Landmark study suggests new approach to prison building to reduce crime
Ahead of the £1.3 billion prison building programme planned by the Ministry of Justice, a new study has set out recommendations for reform to the way prison buildings are designed and operated.
If implemented, the study suggests these changes could reduce assaults on staff by over 50%, significantly reduce the stress under which staff work, reduce overall lifecycle costs and see prisoners rehabilitated – cutting reoffending rates in England and Wales, which currently stand at some of the highest in Europe. In fact, figures show that just under half of all adult prisoners are likely to reoffend within one year of release at a cost to the tax payer of £13 billion a year.
Compiled by a panel of expert criminologists and psychologists with input from charities, prisoners, victims and prison managers the new report, entitled ‘Rehabilitation by Design: Encouraging Change in Prisoner Behaviour’, examines how reforming management methods and prison design could significantly improve that outlook.
It asserts that the primary aim for any new prison programme must be to address the huge reoffending rate and suggests this could be achieved through the use of innovative yet cost effective changes to the built environment. It goes on to investigate the ways in which behavioural policies and clever design principles have benefited prison systems abroad, and how these initiatives could be successfully implemented in the UK.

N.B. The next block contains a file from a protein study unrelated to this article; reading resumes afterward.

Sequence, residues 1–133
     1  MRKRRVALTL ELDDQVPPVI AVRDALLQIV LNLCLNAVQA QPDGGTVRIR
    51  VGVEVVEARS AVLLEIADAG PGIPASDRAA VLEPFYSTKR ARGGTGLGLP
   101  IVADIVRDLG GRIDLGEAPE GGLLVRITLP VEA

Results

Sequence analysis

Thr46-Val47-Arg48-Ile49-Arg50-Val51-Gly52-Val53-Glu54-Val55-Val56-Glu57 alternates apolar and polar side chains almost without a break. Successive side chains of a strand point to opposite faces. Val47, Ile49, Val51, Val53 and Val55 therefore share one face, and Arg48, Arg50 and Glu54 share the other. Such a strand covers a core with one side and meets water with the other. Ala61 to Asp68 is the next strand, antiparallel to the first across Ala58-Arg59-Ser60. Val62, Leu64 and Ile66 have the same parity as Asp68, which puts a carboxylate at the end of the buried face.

The report was presented to MPs, peers and industry experts today in a reception at the House of Commons. It has been spearheaded by property and construction consultancy Gleeds and features contributions from a number of academics, including; Professor Keith Humphreys of the University of Stanford and Professor Yvonne Jewkes from the University of Brighton, with the support of management consultants PwC.
Richard Steer, Chairman of Gleeds Worldwide, said: “This new study offers some fantastic insights into how we can maximise the opportunity presented by the proposed new build prisons programme. By reviewing the way in which we design and operate our facilities we have the chance to make some truly positive changes to the criminal justice system, reducing reoffending rates and making our prisons both safer and more efficient for inmates and staff.”
Professor of Criminology and expert in prison design, Yvonne Jewkes added: “In bringing together examples of some of the most effective criminal justice systems from around the world, coupled with original data and expert commentary, we have created an invaluable resource for the UK Government. The recommendations contained within the report have been carefully considered, are easily implemented and have been proven to be hugely effective in reducing rates of recidivism, minimising violence and maximising value for money. As the country embarks upon a landmark programme of reform you could not hope for a better starting point from which to work.”
Download the full report here.